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05/07/2018

Importance of SDNs, Orchestration And NMOS in Broadcast Networks

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In this article, dB Broadcast discusses the importance of orchestration in broadcast networks. This is based on dB Broadcast's unique experience in designing and implementing IP solutions for broadcasting, and its work on state of the art projects for clients including Bloomberg Television and BBC Wales.

Recently there has been much talk in our industry (and especially at trade shows) about the term ‘orchestration’. But what does orchestration mean, and what are the implications for the deployment of IP Video production networks?

Put simply: orchestration is the automation of the workflows and processes within a network.
To provide easier interoperability and configurability within IP networks, there has been a trend towards the use of Software Defined Networks (SDNs), which allow networks to be programmatically configured and managed. This programmatic capability is required to minimise provisioning times for reconfigured services.

Network orchestration - otherwise known as SDN orchestration - is the ability to use an SDN controller automatically to control the behaviour of the network. This is achieved by coordinating the hardware and software network elements required to support specified applications and services. This could include for example, capacity and bandwidth management, as well as congestion avoidance.

Service orchestration separates the network services from the network components, automatically configuring the network to provision specified services. Service orchestration reduces the time taken to design and deploy new services, and enables real-time service provisioning.
In IP Video networks, both service and network orchestration are important considerations. It should be remembered that one of the key advantages of an IP network, when compared with an SDI network, is that connections between devices are established logically rather than physically. In a previous White Paper, we considered how the flexibility and scalability of leaf-spine networks make them likely to become the norm in IP video applications. It is this flexibility that will allow network resources to be centralised, and to be logically reconfigured for different production applications.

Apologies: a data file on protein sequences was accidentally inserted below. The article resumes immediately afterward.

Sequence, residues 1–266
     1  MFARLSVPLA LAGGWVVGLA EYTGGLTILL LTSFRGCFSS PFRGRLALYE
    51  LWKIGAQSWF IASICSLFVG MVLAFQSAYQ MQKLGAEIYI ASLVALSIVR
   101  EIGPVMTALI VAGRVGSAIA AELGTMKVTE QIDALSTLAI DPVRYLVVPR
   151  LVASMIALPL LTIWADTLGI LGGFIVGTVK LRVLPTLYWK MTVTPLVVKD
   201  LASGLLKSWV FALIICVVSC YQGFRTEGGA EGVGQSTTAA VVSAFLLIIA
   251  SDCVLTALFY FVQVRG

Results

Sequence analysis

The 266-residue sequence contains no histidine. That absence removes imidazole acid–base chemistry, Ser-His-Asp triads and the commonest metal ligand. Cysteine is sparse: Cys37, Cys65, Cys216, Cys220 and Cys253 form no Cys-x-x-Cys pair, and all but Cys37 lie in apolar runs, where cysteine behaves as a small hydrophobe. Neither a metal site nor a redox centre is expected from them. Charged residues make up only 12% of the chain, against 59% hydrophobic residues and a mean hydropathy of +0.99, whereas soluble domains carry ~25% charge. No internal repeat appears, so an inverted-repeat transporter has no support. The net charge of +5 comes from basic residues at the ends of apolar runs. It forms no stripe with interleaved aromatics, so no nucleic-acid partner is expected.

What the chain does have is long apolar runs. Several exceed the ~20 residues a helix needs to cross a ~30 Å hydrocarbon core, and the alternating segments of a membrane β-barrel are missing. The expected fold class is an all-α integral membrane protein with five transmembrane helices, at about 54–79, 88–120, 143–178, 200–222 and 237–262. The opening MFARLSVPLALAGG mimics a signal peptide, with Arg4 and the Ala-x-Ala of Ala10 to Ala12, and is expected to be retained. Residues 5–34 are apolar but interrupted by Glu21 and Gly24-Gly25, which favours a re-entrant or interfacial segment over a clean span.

This obviously implies that different media resources will need to be connected to each other under software control in very different configurations, depending on the individual production requirements.
To provide standardisation for the interoperable automated configuration and management of networked media flows, the Advanced Media Workflow Association (AMWA) is developing a suite of open specifications known as the Networked Media Open Specifications (NMOS). These provide an open set of APIs to support interoperability for networked media applications. Where possible, AMWA’s specifications are designed to use internet friendly protocols.

NMOS consists of three Interface Specifications: IS-04, IS-05 and the future IS-06.
AMWA has already published the IS-04 specification, which offers a mechanism to automatically discover and register broadcast resources within an IP network. IS-04 uses HTTP for the registration, query and node APIs. The node API is used for ‘peer-to-peer’ discovery where no registry is available. All APIs are announced using DNS Service Discovery (DNS-SD).

IS-04 provides the first step towards service orchestration, greatly simplifying system configuration, and is already being integrated into vendors' products.

Once broadcast devices have been discovered and registered, there needs to be a mechanism for connection management of these resources. The published IS-05 specification complements IS-04 to provide a system to manage connections between senders and receivers. These can be scheduled or ad hoc, and the specification does not mandate the use of an SDN controller, so it is possible to use both IS-04 and IS-05 with a traditional-style router control panel.
The final specification, IS-06 is a work in progress and is intended to provide specifications for network control. It can be considered as being a "north-bound" API for SDN controllers. The intention is to provide an API that describes the network topology, and enables reservation of bandwidth for capacity management.

In the past, SDN Control and service orchestration could only be implemented using proprietary means. The NMOS open specifications are intended to replace these proprietary equipment interfaces with non-proprietary means, making configuration, management and interoperability of multi-vendor networks much simpler.

This article is also available in the July edition of Broadcast Film & Video. Available here.
Solidmate Ltd Memory Card Hire London

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